The first track from the upcoming film, Dil Bechara, has dropped on the internet. The title track has been composed and crooned by Academy award winner AR Rahman. The fans of Sushant Singh Rajput are ecstatic to see him dancing and prancing in his last film. The actor died by suicide in June 2020. The smooth jazz-like number is a hit already. What is just as impressive as the music is the striking choreography by Farah Khan. If you have not noticed, "Dil Bechara" is one long single shot - there are no cuts in the video. Dil Bechara Choreographer Farah Khan: 'I Knew Sushant Singh Rajput Would Be Able to Do It Perfectly'.
The hard work and dedication that goes into making a continuous shot are commendable. But Dil Bechara won't be the first time Bollywood has produced a single shot song.
The history of long shots dates back to as much as 1967's Jewel Thief, which was not a single shot song but was comprised of many long single shots. In 1965, the music video for Bob Dylan's 'Subterranean Homesick Blues' had attempted the single-shot technique.
Long shots can add layers to the narrative. In some songs, the technique is used to add to the tension, helping its crescendo. Sometimes, it helps the energy of the song to become infectious.
Dil Bechara (2020)
In this one, the plot of the film will help us further understand why the filmmaker picked a single shot for the song. But for now, we can say that we get to see the liveliness of the character in a single-shot. It tells us how Sushant's character wants an uninterrupted life full of joy.
Roop Tera Mastana - Aradhna (1969)
The slow, simmering sexual tension between Sharmila Tagore and Rajesh Khanna is perfectly displayed with no cuts. With no edits to give you a breather, you feel the heat just as much as the two main characters.
Gallan Goodiyaan - Dil Dhadakne Do (2015)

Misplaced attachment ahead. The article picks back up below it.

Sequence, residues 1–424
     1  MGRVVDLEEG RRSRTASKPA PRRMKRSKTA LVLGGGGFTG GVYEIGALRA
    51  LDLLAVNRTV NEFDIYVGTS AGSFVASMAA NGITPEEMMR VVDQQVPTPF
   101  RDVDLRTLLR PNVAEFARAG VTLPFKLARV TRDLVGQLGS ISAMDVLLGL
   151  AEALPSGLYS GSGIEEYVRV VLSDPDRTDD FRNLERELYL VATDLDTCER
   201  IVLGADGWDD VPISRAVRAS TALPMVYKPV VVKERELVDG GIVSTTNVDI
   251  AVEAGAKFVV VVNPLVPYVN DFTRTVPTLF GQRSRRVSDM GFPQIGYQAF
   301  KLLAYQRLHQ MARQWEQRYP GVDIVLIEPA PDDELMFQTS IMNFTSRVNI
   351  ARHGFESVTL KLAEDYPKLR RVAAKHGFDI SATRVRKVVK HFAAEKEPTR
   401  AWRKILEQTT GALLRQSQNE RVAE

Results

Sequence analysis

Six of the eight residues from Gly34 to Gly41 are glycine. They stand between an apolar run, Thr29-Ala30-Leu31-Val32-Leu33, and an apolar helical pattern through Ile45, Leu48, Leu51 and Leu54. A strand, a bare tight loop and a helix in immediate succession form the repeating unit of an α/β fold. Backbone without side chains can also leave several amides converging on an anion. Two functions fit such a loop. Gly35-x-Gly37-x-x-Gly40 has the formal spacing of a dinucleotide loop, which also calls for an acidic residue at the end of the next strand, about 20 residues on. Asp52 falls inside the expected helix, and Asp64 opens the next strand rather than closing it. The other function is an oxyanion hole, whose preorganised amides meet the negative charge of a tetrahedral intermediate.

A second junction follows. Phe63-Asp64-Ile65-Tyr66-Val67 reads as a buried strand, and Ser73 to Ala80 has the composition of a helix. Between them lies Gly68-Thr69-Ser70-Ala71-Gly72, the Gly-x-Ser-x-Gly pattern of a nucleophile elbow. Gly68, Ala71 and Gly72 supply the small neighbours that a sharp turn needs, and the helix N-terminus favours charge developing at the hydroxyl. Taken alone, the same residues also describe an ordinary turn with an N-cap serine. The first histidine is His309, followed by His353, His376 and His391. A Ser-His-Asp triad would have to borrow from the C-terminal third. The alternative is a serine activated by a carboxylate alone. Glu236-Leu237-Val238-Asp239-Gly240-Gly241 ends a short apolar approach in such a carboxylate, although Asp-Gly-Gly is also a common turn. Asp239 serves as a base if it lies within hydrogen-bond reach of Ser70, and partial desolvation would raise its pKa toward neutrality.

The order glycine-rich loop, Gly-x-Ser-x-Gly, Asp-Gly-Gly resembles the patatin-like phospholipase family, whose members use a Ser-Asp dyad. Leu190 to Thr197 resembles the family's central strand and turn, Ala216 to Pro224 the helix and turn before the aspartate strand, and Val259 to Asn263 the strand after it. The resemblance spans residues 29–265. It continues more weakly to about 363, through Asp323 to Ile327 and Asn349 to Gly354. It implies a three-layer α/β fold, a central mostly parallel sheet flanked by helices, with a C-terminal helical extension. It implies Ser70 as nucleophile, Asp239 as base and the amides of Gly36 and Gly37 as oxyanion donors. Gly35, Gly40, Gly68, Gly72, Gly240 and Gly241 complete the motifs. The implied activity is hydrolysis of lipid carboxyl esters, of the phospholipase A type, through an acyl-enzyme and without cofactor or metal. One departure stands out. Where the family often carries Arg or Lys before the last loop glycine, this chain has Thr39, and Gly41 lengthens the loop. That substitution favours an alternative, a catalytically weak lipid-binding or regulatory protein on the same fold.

The energy of this song is palpable. If you watch this video from start to end, the beats get to you. The crazy choreography will make you tap your feet. And, of course, Zoya's decision to make it a single shot adds to vibe.
Zara Bach Ke - Cash (2007)
This was a promotional song for the Anubhav Sinha film, Cash. The song is very quirky and the choreography maintains the vibe. The set is beautiful. Not a bunch of great dancers on the screen, but the song will manage to make a mark.
Raabta - Agent Vinod (2012)
This might have been the trickiest video of the lot. The number is not a dance choreography per se, but an entire action sequence takes place in one shot on a romantic number. Saif Ali Khan and Kareena Kapoor's chemistry hits the right notes.
I Want To Make Love To You - Aitraaz (2004)
This racy number featured Priyanka Chopra and Akshay Kumar. The title is enough to give you an idea about the song. The passion that the two actors bring to the table, to the floor, to the walls is impressive. A cut in the video would have been like missing a beat and would have broken the trance.
Barson Ke Baad Aayi Mujhko Yaad - Anjaam (1994)
We remember this movie for Madhuri Dixit's moves on Chane Ke Khet Mein. This other song from the film gets overlooked sometimes. Shot in one single take, Madhuri looks beautiful in a yellow saree. Not the best song in the lot, but the choreography must have been tough to remember for the actress while all that Shah Rukh Khan had to do was sit there.
There are many other songs that almost attempt the single-shot method. As already mentioned, Jewel Thief's "Hothon Pe Aisi Baat" is made up of multiple long shots. Then there is also "Chale Jaise Hawayein" from Main Hoon Na, which is two continuous shots which are interrupted only by Shah Rukh Khan's scene. Also, "Jag Mag" from Qaidi Band is made up of only two shots. An opportunity missed. "Haule Haule" from Rab Ne Bana Di Jodi is made of multiple long shots. "Zarurat" from Ek Villain and "Oo Sathi Re" from Omkara, both, have single-shot opening sequences.